Name: Jason Outman
Title: Executive Director
Organization: Experience Columbia SC
Location: Columbia, South Carolina
Education: MBA in hospitality and tourism management from Strayer University; bachelor’s degree in sports management and communications from Central Michigan University
Career History: Executive director for Experience Columbia SC; director of sales for Experience Columbia SC; director of trade show sales for the Cobb County Convention and Visitors Bureau; national sales manager for the Georgia World Congress Center
Family: Married for 17 years; two teenage children
Hobbies: Golf, boating, attending all the kids’ sporting events, avid football fan
How a Fluke Turned into a Career
Jason Outman got into the hospitality industry on a fluke. But that fluke proved fortuitous; Outman is now executive director of Experience Columbia SC.
Outman applied to a job he thought was with the Georgia Dome, the former home of the Atlanta Falcons that was demolished in November. But the job was with the Georgia World Congress Center (GWCC), the city’s 3.9 million-square-foot convention complex. The Georgia World Congress Center Authority managed the Dome along with the convention center.
“I had never been in a building that size,” he said with a laugh.
Outman applied because his first love is sports. He grew up in Lansing, Michigan, just three miles from Spartan Stadium, home to Michigan State football. As a child, he played it all: baseball, football, soccer, even floor hockey.
He attended college at Central Michigan University where he was a walk-on for the football team, although he never played in a game. Since sports played such a big part in his background, he gravitated toward it in his studies and earned his bachelor’s degree in sports management and communication from Central.
“I had all intentions of being a college football coach; that was my goal in life,” Outman said.
And he was for a few years, one year in Florida and two in Georgia. “But it never really took off,” he said. “So I actually ended up starting my career managing sports facilities.”
Outman worked for a company managing multisport facilities in the Midwest that often hosted large tournaments and then was hired by the YMCA of Lansing.
“I was 24 years old and really didn’t know what I was doing but had fun doing it,” he said. “That was kind of really where I got my start.”
When he was hired as a sales manager at GWCC, his career path shifted, and he loved it.
“I loved the process, loved the size of the building, loved meeting clients and loved bringing groups of 20,000, 30,000, 40,000 people to the Atlanta market,” he said. “It’s something I didn’t know anything about — didn’t have any education in it — but quickly fell in love with, making an economic impact in the community I lived in.”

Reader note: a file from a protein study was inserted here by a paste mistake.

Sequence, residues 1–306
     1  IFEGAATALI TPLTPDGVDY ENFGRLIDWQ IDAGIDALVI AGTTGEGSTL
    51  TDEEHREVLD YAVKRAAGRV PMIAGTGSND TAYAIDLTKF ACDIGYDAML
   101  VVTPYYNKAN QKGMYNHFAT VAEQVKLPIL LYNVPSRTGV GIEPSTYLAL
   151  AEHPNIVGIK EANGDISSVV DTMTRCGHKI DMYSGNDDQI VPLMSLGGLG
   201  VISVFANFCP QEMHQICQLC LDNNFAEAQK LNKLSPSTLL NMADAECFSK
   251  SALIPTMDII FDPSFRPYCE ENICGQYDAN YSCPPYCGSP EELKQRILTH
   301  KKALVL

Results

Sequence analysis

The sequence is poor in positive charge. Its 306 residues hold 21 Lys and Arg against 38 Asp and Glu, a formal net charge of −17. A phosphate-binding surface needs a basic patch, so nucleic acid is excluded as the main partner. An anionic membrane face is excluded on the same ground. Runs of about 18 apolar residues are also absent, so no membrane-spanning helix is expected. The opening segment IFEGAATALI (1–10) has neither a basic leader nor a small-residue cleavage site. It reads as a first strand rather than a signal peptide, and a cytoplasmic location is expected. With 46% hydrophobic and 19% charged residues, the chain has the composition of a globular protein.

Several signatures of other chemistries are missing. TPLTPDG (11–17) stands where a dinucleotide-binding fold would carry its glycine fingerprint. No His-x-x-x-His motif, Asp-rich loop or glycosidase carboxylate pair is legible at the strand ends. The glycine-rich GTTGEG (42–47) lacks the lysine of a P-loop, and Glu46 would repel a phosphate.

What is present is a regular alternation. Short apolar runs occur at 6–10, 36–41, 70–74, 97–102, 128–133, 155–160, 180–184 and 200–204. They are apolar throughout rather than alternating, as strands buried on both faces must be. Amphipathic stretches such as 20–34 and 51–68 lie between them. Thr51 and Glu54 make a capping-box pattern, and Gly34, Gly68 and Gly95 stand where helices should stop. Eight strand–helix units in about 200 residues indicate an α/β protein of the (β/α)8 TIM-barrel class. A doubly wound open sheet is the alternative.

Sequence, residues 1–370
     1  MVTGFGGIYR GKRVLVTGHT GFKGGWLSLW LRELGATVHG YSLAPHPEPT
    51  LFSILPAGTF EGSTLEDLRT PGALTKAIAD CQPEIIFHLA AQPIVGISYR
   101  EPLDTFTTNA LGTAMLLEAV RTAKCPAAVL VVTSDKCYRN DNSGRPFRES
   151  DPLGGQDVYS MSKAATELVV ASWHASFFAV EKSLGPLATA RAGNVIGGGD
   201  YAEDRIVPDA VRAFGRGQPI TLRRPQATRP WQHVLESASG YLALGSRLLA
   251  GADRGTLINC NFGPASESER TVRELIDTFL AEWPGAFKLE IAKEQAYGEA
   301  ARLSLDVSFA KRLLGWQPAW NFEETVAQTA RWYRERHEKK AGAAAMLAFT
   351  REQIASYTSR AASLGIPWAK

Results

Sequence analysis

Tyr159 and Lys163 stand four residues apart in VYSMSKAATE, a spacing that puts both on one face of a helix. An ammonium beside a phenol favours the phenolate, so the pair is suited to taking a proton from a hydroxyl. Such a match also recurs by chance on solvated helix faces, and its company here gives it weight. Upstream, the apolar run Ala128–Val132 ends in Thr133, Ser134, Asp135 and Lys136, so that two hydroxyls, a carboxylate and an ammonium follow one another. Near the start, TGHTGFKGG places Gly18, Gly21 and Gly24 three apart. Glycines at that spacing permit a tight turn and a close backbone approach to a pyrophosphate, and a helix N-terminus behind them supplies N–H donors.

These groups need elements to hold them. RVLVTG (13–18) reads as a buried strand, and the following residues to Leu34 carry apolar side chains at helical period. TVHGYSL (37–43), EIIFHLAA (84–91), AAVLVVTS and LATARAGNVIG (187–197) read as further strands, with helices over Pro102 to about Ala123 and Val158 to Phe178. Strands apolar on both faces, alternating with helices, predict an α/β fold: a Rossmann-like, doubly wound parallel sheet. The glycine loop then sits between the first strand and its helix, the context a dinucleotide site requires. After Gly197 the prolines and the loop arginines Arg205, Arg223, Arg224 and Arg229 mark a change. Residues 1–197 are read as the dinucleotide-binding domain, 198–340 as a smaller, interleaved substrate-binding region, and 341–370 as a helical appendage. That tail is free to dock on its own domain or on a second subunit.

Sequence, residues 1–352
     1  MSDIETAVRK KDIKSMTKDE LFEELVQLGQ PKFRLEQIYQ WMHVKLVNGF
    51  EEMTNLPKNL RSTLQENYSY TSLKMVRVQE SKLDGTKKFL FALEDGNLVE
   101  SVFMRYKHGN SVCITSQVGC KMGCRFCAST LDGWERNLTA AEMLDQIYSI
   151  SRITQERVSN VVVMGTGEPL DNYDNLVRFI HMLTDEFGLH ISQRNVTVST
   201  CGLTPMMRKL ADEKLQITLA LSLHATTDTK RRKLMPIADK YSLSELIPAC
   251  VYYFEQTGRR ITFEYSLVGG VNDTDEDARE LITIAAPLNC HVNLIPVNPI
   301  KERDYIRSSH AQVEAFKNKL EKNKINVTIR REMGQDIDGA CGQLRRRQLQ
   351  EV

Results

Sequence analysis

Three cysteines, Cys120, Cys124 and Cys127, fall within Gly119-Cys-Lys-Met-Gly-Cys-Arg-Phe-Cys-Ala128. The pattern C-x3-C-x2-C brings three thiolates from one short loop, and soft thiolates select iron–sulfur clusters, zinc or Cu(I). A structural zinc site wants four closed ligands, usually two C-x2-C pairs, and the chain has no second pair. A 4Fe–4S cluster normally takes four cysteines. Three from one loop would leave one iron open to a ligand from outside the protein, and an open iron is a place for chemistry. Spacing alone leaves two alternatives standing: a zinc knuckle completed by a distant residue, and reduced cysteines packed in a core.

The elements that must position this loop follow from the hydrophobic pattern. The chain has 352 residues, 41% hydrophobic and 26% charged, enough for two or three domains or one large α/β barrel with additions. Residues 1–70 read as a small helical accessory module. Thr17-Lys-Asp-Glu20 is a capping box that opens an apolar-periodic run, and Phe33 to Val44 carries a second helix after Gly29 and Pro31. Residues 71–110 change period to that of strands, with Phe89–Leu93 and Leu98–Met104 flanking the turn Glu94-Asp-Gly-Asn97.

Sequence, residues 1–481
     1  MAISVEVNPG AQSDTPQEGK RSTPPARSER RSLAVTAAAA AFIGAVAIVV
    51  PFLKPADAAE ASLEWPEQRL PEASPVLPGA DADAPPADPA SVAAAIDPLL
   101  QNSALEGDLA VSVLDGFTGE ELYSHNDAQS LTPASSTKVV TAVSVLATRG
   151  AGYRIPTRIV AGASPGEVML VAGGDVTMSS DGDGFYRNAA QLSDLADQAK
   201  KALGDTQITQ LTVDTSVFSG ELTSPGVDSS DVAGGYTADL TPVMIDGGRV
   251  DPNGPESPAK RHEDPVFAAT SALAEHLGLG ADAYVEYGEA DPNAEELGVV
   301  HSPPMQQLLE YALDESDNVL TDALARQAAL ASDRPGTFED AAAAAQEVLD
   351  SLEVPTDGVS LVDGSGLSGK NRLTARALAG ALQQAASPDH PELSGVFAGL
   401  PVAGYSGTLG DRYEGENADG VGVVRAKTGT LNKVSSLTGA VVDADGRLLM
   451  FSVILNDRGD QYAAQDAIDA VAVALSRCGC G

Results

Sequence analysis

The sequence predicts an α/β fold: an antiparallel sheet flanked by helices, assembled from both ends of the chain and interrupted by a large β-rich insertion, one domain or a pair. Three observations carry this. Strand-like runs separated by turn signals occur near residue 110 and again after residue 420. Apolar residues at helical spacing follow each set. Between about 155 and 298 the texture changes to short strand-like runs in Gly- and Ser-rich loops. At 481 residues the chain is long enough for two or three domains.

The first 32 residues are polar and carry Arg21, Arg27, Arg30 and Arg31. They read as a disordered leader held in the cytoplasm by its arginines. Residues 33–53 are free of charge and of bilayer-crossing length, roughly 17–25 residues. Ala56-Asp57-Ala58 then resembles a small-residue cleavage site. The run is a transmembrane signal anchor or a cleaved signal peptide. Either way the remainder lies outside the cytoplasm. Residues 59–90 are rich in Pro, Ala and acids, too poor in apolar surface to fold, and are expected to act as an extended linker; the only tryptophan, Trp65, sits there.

Outman considers himself more of an introvert than an extrovert, something he had to overcome when he was starting out in the business that he never meant to be in. His wife jokes that there are two Jasons; there is the quieter one at home, while “work Jason is a little bit more of a ham,” he recounted.
He realized that he needed to find a personal way to communicate with clients. So he strived to learn about them, their interests and their families so he “could call them up on any day of the week and ask, ‘How did Timmy do in his baseball game?’” he said.
Outman quickly moved up the ranks at GWCC and, by working closely with the Atlanta CVB, started to make the connection between venue sales and destination-level marketing. So when he was courted by colleagues at the Cobb CVB in north Atlanta to come on as director of trade show sales, “I recognized it would give me the opportunity to start understanding the destination aspect of sales,” he said.
After a couple years with Cobb County, Outman was once again recruited, this time to take on the role of director of sales for both the Columbia, South Carolina, CVB and the Columbia SC Metropolitan Convention Center. In 2010, Outman, his wife and their two children moved to the city of 135,000. He then became executive director of Experience Columbia SC in 2014.
“My role has now expanded into more economic development and destination development,” he said.
CVBs have morphed — or should morph — from heads-in-bed organizations to agencies that help shape their destinations. While CVBs still focus on the visitor, they also have a role in economic development, Outman said. Beyond being destination ambassadors, CVBs should be destination builders “because now we are trying to help bring those things here so our destination gets better.”
After a dozen years in hospitality sales, Outman is as comfortable in the industry as he is with his other love: football.
“I have an extreme comfort level in this industry, almost like when I talk about football,” he said. “I have found that comfort level in being able to talk about meetings and conventions and tourism.”
Tips from Jason Outman
• Use the local convention and visitors bureau. The service is free, and they are there to help. As destination experts, they are your best resource for a successful meeting.
• Identify the personalities of your attendees and build local activities around those personalities so attendees are all having an enjoyable experience. If they like craft beer, plan a tour of local breweries. If they enjoy the culinary scene, plan a dine-around or a food tour. Use the destination’s strengths that align with the personalities of the attendees for a rewarding experience.
• Plan, plan, plan — not only with the organization’s planning committee but also with the host city. Make sure the expectations of the meeting are relayed to the host city and the host venue. This can be anything from feeling safe and secure to notifying local eateries that your group is in town. The more information that is shared, the more likely the event will be successful.